Of course, any forecast is ultimately a prediction, and there are also other factors to consider – such as how will the marketing department’s latest campaign affect customers – but the more data that the WFM is fed, the more reliable the system will become. Having a full understanding of how it works will enable the right skills, agents and resources to be distributed to the right places, so you won’t be caught off-guard.

A final thing to consider is how much trust your agents have in WFM. It’s crucial to be aware that many agents might be wary of the systems, simply because they don’t know how they operate. By teaching them how their scheduling is decided, they will be happier with how things are run. As the age-old mantra goes, happy agents equal happy customers.

3.Forgotten agents

Which brings us nicely onto point number three. An issue that comes up regularly with WFM is that it seems as though the biggest stakeholders in the contact centre – the agents themselves – feel as though they are being neglected. Their preferences perhaps aren’t being considered, or they feel they work too many hours or they only have a limited number of tasks to perform.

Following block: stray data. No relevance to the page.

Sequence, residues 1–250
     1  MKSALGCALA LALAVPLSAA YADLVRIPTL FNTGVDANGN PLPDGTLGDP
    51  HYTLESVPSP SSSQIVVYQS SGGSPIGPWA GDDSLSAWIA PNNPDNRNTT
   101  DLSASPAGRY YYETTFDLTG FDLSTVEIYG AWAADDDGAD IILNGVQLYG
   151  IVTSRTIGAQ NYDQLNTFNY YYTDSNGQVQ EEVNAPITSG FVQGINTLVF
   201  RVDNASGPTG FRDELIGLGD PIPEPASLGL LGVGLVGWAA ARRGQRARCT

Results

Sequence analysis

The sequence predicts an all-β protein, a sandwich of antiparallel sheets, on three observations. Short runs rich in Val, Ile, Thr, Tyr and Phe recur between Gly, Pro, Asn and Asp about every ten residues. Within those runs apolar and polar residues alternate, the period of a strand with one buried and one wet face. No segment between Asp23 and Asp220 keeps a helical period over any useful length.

This can lead to a poor adherence to schedules, leading to time away from desks and phones. If agents are not having a great experience this will not only affect the service they’re delivering to customers, but could also lead to increased attrition rates and more costs.


The answer to this one is straight forward: listen to your agents. By understanding their preferences, such as when they want to take holidays or if they need to take time off for childcare or a health issue, then they should feel like they are being heard.

Some WFM systems even allow agents to input their preferences themselves, giving them more control over their schedules, allowing them more flexibility to ask for sick days or work overtime. They can also track their professional progress by being able to input their skills, encouraging the work of the multi-skilled ‘blended’ agents. Of course, it won’t always be easy to accommodate everyone’s preferences, but by having a WFM system in place, you’ll have the technology ready-to-go.

By introducing a WFM system, showing agents how they work and actually taking the time to input agents’ choices is crucial to keeping the beating heart of the contact centre going.

WFM: much more than a tactical tool

While it’s true that WFM solutions can have their issues, there is nothing too problematic that can’t be overcome without a little elbow grease, patience and, most importantly, the input of agents. It’s time to be proactive rather than reactive when it comes to dealing with scheduling and forecasting. As such, it’s important to remember that WFM isn’t just a tactical tool that can be used for scheduling or as high-tech calendar. It is also a strategic solution that can help with long-term forecasting and planning, making your lives, and those of your agents and customers, that much more comfortable.

Contact us to find out more about Workforce Management.

Published in Contact Centre Monthly 11th October 2019.

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Articles | Contact Centres | WFM